The Helena-West Helena City Council’s objection to Mayor James Valley’s December executive order promoting 21 firefighters and police officers isn’t going away even with the promotions and pay raises in effect.

 

  
Attorney John Peiserich says Narcros Chemical, the firm he represents, along with Quapaw Products and Delta Specialty Woods Products, are actively pursuing the reopening of Cedar Chemical if the three parties can resolve environmental issues with the Arkansas Department of Environmental Quality.
“We’re trying to get out of the box with ADEQ,” Peiserich told a joint meeting of the Helena-West Helena Rotary and Kiwanis clubs Wednesday.
Peiserich, a member of the Little Rock law firm of Perkins & Trotter, who specializes in environmental and oil and gas law, has met several times with Helena-West Helena business leaders about Narcros’ intent to reopen Cedar Chemical which shut down in 2002 after going in bankruptcy.
Peiserich said Narcros took the lead in the Cedar Chemical Brownfield Project aimed at getting the former plant in environmentally acceptable condition to use again.
The Arkansas General Assembly enacted a Brownfield law in 1995 in keeping with the law imposed through Congress by the Environmental Protection Agency.
The Brownfield Project allows a company to “control its liability” while returning unproductive and contaminated property back into use.
Noting that Narcros has gone through the lengthy process involving air and water quality permits, Peiserich said the company would not cause undo environmental problems because, “We won’t be a big water user that creates chemical pollution.”
Stating that while Narcros was not responsible for the environmental mess left behind by Cedar Chemical, Peiserich said the firm is committed to “cleaning it up.”
Peiserich said he met with ADEQ officials last Friday in Little Rock to keep the agency informed about Narcros’ progress.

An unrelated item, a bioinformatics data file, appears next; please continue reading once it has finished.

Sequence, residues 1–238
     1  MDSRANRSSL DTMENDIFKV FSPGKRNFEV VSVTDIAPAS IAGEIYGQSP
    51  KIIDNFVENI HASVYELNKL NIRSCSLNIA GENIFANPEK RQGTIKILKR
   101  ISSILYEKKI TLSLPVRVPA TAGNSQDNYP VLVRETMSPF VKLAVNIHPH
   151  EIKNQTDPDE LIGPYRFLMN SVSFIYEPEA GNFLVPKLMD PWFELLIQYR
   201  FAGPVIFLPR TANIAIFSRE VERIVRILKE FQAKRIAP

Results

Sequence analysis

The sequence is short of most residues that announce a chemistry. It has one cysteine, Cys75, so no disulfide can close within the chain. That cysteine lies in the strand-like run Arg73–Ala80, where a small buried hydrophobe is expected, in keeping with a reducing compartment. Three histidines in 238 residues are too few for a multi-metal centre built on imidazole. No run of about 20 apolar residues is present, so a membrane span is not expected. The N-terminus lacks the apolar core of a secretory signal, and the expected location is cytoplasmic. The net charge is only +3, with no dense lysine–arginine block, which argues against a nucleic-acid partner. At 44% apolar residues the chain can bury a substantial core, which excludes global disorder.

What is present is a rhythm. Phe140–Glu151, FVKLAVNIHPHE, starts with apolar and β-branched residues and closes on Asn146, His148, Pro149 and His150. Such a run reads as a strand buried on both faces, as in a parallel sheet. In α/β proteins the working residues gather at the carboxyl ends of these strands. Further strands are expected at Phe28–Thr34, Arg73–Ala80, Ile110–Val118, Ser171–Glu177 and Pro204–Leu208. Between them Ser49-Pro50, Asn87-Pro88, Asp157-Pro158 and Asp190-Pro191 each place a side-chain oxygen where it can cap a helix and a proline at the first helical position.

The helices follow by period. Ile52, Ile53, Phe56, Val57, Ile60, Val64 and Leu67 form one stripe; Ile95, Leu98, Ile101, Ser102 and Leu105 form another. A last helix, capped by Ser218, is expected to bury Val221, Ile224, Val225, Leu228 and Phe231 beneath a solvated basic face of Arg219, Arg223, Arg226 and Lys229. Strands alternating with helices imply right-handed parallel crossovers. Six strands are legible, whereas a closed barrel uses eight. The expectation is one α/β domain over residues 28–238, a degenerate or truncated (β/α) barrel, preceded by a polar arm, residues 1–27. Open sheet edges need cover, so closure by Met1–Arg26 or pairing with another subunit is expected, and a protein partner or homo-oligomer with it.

On the front burner is a property development plan that requires ADEQ’s approval, Peiserich said.
Narcros is a Kansas City, Kansas-based company founded in 1917 that produces surfactants, emulsifiers, defoamers and related products, Peiserich said.
Quapaw Products is a wholly owned subsidiary of Narcros. Delta Specialty Wood Products with corporate offices in El Dorado manufactures wood shavings and pallets.
Peiserich pointed out that Narcros doesn’t “make chemicals that cause the (kind) of problems” created at Cedar Chemical.
Once a successful accord has been reached with ADEQ, Narcros can proceed with a development schedule, Peiserich said.
 Phase I could began soon while it would be the first quarter of 2011 at the earliest for Phase II, Peiserich said.
Quapaw faces a six-month retrofit period dealing with water and air permits.
 In the first six months of operation, Quapaw would be looking at hiring 30 employees with an annual payroll of $1.5 million. The 3-to-5-year projection calls for 90 employees with an annual payroll of $4.5 million.
“We want to show that we will be environmentally responsible as possible,” Peiserich said.
Phase I for Delta Specialty could generate 19 jobs 120 days after the deal is closed, Peiserich said. The plant would have a projected annual payroll of $1.7 million with an equipment cost of $2.1 million in 2011.
During a brief Q&A, Peiserich said hiring would be done locally.
Peiserich said while barge and rail transportation would be utilized the bulk of the materials would be hauled by trucks with the accessibility of Interstate 40 and Memphis.